Author Archives: Janet

🎄Merry Christmas & Happy New Year🎄

This photo of the lovely Osky pug sums up Christmas for so many of us.

All of us at PDWRA would like to wish our Friends of Welfare, our adopters, foster carers, volunteers, as well as everyone and every pug who has supported us this year, a very Merry Christmas and a Happy New Year.

In 2018 we have been asked to find new homes for almost 350 pugs – the highest number ever since our charity was founded 45 years ago. Our volunteers have never been busier, and your support is greatly appreciated.

We couldn’t do what we have been able to do this year, and what we know we will be asked to do next year, and in the future, without you all.

Thank you for your support in helping us to help so many pugs in need.

🐾 Thank you! 🐾

The North East UK Christmas Party on 1 December made a profit of £1004.25 for our pugs in need!

Thank you to everyone who supported us – our vets bills for November alone have already reached £12,451 so this will help significantly.

🎄 Christmas and New Year 🎄

In line with other responsible rescues, and in accordance with our usual practice, we will not be accepting any new adoption applications with effect from Monday 3 December until Monday 7 January 2019.

We will, of course, continue to accept pugs which need to be surrendered during this period.

Contact numbers can be found on our Surrendering Your Pug page.

“Living in a Box”

We have the BEST foster carers – we know that – but now their family members are flying the PDWRA flag too!

Massive thanks to foster Mum Extraordinaire Maria, and her daughter Pip, who raised £135 for us by “Living in a Box” for 24 hours!

Pip and a school friend were sponsored to do various tasks whilst “in the box” and of course their foster pugs wanted to “help” too.

What goes in … has to come out again after 24 hours!

Keeping busy … At least their bedrooms will remain tidy!

Room for another pug?

Lest We Forget

Lest We Forget …

They shall not grow old, as we that are left grow old:
Age shall not weary them, nor the years condemn.
At the going down of the sun and in the morning
We will remember them.

Well done Walter!

Walter would like to thank everyone who stopped by for cuddles at the recent Northern Pug Dog Club Championship Show, where he opened his treasure chest to help raise money for PDWRA to help other pugs like him.

Big thanks to Walter, and to Penny for bringing him to the Show!


Helping pugs with panic over fireworks

Some dogs breeze through it, but most don’t. Yes folks, it’s the noisiest week of the year, with both Bonfire Night and Halloween coming so close together, it feels like there’s fireworks on every night for up to ten days, and it’s often a week of abject fear and misery for many animals.

Dogs’ hearing is approximately four times more sensitive than ours, but it’s not just the volume that affects them, it’s the fear of unknown. Those loud noises signal danger to them, as does the flashing lights and the smell of burning and gunpowder.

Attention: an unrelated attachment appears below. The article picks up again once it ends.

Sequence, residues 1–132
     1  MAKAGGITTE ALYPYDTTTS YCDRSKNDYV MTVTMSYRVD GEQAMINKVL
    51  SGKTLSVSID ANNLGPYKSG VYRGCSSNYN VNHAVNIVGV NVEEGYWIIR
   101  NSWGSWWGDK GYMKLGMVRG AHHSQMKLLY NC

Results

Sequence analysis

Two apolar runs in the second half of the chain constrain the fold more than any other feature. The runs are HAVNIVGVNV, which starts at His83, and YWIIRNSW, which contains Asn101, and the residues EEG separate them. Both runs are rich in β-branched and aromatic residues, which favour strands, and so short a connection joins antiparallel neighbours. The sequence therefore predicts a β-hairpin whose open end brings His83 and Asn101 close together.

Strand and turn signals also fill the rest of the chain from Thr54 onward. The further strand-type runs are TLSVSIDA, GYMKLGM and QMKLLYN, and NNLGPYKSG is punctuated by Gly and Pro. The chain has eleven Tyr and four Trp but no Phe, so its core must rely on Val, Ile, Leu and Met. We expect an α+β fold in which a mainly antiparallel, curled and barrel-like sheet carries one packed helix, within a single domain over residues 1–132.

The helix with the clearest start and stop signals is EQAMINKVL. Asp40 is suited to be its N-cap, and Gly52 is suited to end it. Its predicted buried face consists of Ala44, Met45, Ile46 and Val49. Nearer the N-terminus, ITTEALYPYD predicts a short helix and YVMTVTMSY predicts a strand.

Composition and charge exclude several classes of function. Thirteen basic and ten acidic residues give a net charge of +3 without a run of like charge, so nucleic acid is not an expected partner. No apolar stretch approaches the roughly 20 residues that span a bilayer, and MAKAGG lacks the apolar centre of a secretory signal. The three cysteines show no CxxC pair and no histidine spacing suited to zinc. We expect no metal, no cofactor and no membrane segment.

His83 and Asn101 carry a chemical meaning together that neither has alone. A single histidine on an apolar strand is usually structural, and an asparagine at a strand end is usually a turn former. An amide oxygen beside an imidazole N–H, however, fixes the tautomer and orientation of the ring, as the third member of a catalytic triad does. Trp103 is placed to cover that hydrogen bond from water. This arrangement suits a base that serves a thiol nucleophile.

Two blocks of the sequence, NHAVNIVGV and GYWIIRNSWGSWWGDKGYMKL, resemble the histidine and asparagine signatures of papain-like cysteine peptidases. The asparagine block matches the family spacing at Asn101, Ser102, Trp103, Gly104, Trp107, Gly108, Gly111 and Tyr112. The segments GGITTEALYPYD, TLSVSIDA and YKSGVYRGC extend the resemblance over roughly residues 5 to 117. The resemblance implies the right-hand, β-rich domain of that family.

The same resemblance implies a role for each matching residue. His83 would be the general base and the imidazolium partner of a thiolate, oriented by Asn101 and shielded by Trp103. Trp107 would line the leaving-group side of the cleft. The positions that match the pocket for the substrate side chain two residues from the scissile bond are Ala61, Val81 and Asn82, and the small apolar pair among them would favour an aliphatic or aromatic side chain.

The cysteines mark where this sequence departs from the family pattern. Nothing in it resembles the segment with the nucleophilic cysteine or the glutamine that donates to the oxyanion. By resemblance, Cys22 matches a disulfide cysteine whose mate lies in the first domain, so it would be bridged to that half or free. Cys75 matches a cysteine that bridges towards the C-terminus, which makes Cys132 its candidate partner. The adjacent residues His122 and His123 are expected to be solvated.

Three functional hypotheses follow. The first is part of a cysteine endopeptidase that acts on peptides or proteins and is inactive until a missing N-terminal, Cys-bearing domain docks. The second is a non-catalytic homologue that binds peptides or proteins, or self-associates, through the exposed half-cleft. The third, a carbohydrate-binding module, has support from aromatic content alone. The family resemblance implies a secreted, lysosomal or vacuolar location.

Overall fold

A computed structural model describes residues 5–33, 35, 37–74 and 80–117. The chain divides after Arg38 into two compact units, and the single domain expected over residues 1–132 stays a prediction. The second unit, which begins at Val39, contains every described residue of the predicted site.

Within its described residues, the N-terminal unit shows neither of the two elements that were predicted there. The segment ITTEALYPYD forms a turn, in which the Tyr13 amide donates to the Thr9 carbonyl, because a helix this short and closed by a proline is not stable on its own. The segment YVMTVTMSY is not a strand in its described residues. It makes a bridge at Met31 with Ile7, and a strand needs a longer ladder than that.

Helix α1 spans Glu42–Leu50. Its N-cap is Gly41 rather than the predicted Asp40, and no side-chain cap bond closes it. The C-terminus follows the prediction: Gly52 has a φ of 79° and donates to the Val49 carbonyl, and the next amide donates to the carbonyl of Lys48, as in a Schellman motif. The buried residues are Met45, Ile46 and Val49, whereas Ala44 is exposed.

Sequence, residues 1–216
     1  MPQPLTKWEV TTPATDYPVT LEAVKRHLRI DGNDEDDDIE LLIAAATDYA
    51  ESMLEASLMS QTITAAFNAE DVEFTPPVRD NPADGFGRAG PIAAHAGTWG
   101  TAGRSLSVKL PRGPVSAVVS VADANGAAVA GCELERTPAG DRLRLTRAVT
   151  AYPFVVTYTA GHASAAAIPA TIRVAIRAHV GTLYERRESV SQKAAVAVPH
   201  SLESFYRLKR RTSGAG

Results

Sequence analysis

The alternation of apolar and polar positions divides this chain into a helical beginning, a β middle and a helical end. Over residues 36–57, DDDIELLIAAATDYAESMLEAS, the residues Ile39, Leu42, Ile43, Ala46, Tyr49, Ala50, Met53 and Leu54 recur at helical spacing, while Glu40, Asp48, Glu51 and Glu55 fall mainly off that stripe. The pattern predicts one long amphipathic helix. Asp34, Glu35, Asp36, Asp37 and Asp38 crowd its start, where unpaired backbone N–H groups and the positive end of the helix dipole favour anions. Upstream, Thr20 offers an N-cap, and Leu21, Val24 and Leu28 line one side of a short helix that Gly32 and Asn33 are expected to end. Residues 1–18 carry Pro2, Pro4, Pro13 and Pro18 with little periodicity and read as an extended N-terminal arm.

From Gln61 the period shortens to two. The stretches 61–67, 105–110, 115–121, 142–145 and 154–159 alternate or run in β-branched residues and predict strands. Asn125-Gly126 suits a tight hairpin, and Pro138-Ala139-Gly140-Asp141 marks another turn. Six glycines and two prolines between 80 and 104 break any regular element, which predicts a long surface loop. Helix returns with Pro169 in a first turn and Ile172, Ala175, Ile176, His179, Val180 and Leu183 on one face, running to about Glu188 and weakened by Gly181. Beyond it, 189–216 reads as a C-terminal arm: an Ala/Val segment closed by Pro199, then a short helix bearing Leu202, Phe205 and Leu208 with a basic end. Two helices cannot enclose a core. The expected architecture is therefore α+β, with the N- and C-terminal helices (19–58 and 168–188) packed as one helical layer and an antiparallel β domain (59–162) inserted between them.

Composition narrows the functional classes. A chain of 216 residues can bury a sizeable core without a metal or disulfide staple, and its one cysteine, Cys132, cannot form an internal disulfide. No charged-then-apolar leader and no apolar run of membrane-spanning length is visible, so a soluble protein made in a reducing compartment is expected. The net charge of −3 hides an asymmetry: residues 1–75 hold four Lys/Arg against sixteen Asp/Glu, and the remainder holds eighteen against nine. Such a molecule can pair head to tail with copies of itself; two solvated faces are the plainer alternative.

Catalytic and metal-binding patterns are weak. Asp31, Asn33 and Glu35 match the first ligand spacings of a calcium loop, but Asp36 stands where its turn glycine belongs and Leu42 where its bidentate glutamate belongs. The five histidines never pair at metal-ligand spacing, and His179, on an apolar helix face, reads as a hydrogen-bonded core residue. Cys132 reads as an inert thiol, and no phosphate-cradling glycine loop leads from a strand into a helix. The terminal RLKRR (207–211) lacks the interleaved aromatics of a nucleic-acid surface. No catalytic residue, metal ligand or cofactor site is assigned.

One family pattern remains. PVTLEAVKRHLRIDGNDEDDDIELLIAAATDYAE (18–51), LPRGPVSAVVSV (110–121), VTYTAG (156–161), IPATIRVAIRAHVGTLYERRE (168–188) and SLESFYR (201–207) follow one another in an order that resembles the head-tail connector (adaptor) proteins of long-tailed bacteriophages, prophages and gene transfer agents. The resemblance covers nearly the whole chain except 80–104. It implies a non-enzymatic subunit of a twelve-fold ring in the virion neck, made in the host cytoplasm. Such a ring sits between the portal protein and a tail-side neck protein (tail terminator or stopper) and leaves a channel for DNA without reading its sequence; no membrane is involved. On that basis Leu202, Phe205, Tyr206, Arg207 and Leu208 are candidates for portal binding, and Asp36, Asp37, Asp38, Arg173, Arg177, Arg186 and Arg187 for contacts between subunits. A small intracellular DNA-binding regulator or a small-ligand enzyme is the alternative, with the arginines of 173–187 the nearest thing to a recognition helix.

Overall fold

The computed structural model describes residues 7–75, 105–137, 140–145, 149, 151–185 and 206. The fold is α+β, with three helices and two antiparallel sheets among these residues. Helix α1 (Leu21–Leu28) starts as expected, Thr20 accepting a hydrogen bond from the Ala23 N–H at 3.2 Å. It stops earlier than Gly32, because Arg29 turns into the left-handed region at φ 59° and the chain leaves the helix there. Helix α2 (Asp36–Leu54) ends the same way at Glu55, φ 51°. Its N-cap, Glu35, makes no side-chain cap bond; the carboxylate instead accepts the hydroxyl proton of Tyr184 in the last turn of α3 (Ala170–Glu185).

The whole experience is completely unpredictable, with a cocktail of sensory overload that can send your poor dog into total panic. It can be profoundly upsetting and negative for them, but you can help.

Building a ‘doggy den’ could help your dog feel safe and secure during the bangs and pops of fireworks. It’s about creating a safe environment that your dog can retreat into; a feeling of warm protection that could make all the difference.

Dogs Trust have special tips on creating the perfect den; “The doggy den should be built away from hubbub of the family home, somewhere quiet where the dog can rest peacefully. This will very much be a safe space for the dog, but they should be able to move in and out of the den freely; making it as cosy and snug as possible is a must, but your doggy should be able to see out of the den should she want to.

Concerned owners should seek veterinary advice before fireworks night if their dogs are very scared or panic due to fireworks.”

How to create a Doggy Den:

  • Use an indoor dog crate or chairs and/or a table covered in blankets to create the safe space – using blankets over the top will help muffle the bangs
  • Fill the den with soft blankets, pillows and a few familiar items that smell of your dog to make him feel comfortable, a few items smelling of their owner would be a bonus
  • Make sure your dog has access to clean drinking water in their den, a non-slip bowl would be an advantage to avoid spills
  • Add some of their favourite toys to the den; they have positive associations with them so will help them feel at ease
  • Keep a radio or the TV playing as this will help to mask the sounds of the fireworks outside

As an alternative, many dog lovers have found that ‘wrapping’ their dogs makes them feel safe too. Perhaps because it feels like a hug. Instructions shown in Lili Chin’s drawing: just don’t tie it too tight!!

Enjoy your fun, be safe, and love your pugs.

Doggy drawings by Lili Chin, many thanks.

Grateful thanks to PDWRA adopter (twice!) Sam H-L for permission to use this text.